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Crossfit enthusiasts around the world are now competing in the Crossfit Open. Why I'm not one of them.
By Samantha Brennan | Posted March 14, 2013
Team competing in the 2012 Crossfit games.
CrossFit, Inc.
Team competing in the 2012 Crossfit games.

March is the month of the CrossFit Open, an exciting time for CrossFit enthusiasts like me.

What’s the  CrossFit Open?  From March 6th-April 7th t138,000 people—including 25,000 Masters—will be competing in the CrossFit Open. During the Open, a new workout is released online each week and athletes have some days to complete the workout and submit their scores online. You can either take part at a CrossFit affiliate or submit a video of your workout. After the Open, top performers advance to regional events, including 12 such events in North America.

What’s a typical workout look like in the Open? Well, there are no typical CrossFit workouts—one of the things I love about the whole thing. But here’s a what the first workout of the 2013 CrossFit Open looks like.

Workout 13.1
17 minute AMRAP (as many reps as possible) of:
40 Burpees
30 Snatch, 75/45 lbs
30 Burpees
30 Snatch, 135/75 lbs
20 Burpees
30 Snatch, 165/100 lbs
10 Burpees
Max rep Snatch, 210/120 lbs

You can watch the video of how the workout must be completed and scored here. A bit intense, you say? decidedly.

I’ve been doing CrossFit for almost a year now and I’m a huge fan. I love the workouts and the community. I loved kettlebells from the start and now, after some time, even burpees are growing on me. I’ve written about the motivation CrossFit provides, about what I love about CrossFit and about the women of CrossFit, but today I’m writing about the CrossFit games and why I couldn’t quite talk myself into competing in the CrossFit Open. Partly that’s because I tend to think of CrossFit as not quite a sport in itself but rather as training that helps me with everything else  I do. While fitting everything in can be a challenge, I’ve tended to think of CrossFit as a best supporting actor, not the star of the show. I also tend to view the competitive element of CrossFit as competition with oneself. I found this year, thinking about the Open, that I wasn’t quite ready to start comparing my performance to that of women around the world ages 45-49.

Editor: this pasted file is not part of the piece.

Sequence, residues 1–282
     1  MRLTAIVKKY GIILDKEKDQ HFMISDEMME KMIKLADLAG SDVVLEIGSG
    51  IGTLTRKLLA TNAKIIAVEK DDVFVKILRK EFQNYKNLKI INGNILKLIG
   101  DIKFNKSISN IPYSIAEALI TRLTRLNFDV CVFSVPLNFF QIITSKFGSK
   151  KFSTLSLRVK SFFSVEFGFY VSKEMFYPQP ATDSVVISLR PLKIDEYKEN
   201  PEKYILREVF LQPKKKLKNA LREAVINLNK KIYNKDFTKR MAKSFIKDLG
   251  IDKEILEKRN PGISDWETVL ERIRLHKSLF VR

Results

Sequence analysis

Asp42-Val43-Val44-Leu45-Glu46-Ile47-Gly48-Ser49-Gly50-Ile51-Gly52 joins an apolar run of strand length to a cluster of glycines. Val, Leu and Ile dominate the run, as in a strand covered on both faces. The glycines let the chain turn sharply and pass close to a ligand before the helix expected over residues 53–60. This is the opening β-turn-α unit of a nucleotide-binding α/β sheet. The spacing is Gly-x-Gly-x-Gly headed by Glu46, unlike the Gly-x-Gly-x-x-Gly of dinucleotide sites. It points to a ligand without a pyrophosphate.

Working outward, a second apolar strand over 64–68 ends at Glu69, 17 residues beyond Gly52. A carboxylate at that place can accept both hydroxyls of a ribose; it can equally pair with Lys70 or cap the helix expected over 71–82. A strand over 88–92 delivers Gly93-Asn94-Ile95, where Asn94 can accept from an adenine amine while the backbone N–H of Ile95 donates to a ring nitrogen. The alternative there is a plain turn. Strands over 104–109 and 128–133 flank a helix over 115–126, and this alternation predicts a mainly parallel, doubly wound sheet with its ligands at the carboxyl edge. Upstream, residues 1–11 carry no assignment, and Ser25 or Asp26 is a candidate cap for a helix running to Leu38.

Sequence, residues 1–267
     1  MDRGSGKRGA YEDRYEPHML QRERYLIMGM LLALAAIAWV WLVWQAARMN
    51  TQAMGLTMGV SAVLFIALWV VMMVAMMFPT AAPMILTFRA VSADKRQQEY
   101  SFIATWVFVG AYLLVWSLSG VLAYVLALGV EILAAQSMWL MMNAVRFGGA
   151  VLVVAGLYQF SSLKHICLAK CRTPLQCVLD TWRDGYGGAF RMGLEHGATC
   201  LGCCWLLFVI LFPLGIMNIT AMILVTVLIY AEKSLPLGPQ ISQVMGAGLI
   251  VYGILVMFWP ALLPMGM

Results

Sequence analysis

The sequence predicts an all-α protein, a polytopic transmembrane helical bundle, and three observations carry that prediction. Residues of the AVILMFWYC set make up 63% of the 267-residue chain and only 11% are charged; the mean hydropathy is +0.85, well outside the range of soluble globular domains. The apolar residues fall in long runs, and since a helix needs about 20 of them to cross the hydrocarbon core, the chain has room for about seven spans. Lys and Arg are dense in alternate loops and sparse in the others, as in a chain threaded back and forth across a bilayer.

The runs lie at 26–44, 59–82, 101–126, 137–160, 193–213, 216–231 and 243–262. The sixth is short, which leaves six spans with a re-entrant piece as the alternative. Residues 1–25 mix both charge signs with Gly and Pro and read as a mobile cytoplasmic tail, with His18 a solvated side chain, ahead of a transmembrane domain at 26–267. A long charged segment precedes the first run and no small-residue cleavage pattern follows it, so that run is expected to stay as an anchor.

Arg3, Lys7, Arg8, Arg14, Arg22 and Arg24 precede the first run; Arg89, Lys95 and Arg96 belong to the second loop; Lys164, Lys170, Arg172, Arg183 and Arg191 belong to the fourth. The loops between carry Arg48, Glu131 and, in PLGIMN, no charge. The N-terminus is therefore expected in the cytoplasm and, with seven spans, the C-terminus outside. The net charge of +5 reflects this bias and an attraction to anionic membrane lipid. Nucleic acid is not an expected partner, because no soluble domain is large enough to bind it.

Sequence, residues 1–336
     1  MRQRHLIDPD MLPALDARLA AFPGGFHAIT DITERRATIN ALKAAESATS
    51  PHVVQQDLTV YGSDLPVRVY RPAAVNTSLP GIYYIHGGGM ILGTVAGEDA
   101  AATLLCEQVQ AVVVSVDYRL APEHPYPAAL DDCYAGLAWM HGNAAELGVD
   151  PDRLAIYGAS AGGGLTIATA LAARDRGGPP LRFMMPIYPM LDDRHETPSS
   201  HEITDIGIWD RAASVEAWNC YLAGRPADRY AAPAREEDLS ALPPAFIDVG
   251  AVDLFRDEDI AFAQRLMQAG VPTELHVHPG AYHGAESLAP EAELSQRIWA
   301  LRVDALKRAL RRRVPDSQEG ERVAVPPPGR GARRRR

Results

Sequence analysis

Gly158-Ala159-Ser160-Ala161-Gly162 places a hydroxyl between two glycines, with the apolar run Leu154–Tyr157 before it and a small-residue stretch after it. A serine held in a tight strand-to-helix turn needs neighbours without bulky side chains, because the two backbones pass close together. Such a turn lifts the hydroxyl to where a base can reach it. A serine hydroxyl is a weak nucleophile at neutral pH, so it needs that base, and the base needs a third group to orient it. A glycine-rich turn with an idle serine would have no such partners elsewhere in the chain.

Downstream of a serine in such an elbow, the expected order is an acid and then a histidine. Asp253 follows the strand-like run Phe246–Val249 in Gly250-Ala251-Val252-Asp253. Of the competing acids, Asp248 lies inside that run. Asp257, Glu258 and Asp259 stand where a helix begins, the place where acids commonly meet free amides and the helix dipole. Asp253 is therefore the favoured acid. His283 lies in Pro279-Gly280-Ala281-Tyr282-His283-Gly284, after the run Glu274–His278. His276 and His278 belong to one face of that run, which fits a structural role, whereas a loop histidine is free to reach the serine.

Partly my reaction has to do with a kind of aversion to competition when it comes to exercises just done for training purposes. Burpees? Sure. But competitive burpees? I’m no so keen.

Now, CrossFit has a competitive element built into most of the workouts, and you can’t really like CrossFit and loathe competition. It’s called the “sport of fitness” for a reason. The founder of CrossFit, Greg Glassman, noted that when workouts resemble competitive events they become sport. Our competitive nature means that no one wants to finish last. He attributes the intensity of CrossFit workouts to this competitive element. Almost all workouts are done ether for “time” or for a set time for “as many reps as possible” and are scored accordingly.

I track my CrossFit workouts in a journal and using an app on my smart phone. I love being able to see improvement over time. But when I’m competing against myself, I don’t need to care about the performance of others. There are feminist considerations against competition, though I’ve worried that too many women miss out on the fun of competing.  I’m hoping I feel better about seeing how I do stacked up against others of my age next time round. Certainly the people taking part at my local CrossFit look to be having a lot of fun. My plan is to take part in the CrossFit Open next year and give it a try. I may not be in the same league as “Iceland Annie,” Annie Thorisdottir, currently the international lead woman in the 2013 CrossFit Open. But I can at least dip my little toe into the pond of competition, and see how I fare. Wish me luck!

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